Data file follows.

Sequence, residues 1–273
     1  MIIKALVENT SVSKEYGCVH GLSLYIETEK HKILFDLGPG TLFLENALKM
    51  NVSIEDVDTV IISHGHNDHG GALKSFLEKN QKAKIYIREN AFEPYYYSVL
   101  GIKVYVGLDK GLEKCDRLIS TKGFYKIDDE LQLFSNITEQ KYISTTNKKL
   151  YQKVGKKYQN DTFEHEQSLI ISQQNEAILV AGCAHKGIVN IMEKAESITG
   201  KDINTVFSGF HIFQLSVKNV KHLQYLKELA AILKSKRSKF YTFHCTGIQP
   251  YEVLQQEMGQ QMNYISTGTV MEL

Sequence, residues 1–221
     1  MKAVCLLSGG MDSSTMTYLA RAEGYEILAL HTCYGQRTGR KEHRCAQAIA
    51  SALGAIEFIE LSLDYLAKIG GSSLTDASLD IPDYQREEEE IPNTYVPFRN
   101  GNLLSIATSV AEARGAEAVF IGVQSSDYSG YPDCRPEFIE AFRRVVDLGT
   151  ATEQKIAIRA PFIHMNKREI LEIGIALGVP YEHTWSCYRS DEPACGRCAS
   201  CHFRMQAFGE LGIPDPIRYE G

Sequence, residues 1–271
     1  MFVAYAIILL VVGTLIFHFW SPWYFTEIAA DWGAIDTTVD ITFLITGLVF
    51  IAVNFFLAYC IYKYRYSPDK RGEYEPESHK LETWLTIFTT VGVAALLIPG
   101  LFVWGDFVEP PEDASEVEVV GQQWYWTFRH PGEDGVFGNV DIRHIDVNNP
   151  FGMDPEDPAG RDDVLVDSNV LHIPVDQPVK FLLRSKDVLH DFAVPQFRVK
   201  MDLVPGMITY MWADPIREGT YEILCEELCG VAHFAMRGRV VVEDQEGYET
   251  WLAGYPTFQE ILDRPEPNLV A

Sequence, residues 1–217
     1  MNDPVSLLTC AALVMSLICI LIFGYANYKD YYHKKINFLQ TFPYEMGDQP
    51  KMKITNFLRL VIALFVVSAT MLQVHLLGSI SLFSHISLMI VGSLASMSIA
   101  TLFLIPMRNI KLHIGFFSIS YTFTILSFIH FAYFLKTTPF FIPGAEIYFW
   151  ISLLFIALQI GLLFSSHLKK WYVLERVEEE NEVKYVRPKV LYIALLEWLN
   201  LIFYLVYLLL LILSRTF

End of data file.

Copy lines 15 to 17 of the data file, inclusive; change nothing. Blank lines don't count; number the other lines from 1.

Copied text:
     1  MFVAYAIILL VVGTLIFHFW SPWYFTEIAA DWGAIDTTVD ITFLITGLVF
    51  IAVNFFLAYC IYKYRYSPDK RGEYEPESHK LETWLTIFTT VGVAALLIPG
   101  LFVWGDFVEP PEDASEVEVV GQQWYWTFRH PGEDGVFGNV DIRHIDVNNP